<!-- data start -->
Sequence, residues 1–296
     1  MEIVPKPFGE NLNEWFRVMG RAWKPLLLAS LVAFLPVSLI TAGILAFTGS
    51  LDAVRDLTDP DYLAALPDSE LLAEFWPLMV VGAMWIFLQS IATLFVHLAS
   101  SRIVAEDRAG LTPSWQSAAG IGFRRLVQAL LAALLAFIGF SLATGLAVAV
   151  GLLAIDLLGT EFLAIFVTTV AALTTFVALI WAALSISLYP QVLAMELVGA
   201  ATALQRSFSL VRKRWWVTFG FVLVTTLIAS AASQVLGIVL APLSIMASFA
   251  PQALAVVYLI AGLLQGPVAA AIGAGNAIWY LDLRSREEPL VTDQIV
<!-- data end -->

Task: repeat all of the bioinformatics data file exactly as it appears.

Sequence, residues 1–296
     1  MEIVPKPFGE NLNEWFRVMG RAWKPLLLAS LVAFLPVSLI TAGILAFTGS
    51  LDAVRDLTDP DYLAALPDSE LLAEFWPLMV VGAMWIFLQS IATLFVHLAS
   101  SRIVAEDRAG LTPSWQSAAG IGFRRLVQAL LAALLAFIGF SLATGLAVAV
   151  GLLAIDLLGT EFLAIFVTTV AALTTFVALI WAALSISLYP QVLAMELVGA
   201  ATALQRSFSL VRKRWWVTFG FVLVTTLIAS AASQVLGIVL APLSIMASFA
   251  PQALAVVYLI AGLLQGPVAA AIGAGNAIWY LDLRSREEPL VTDQIV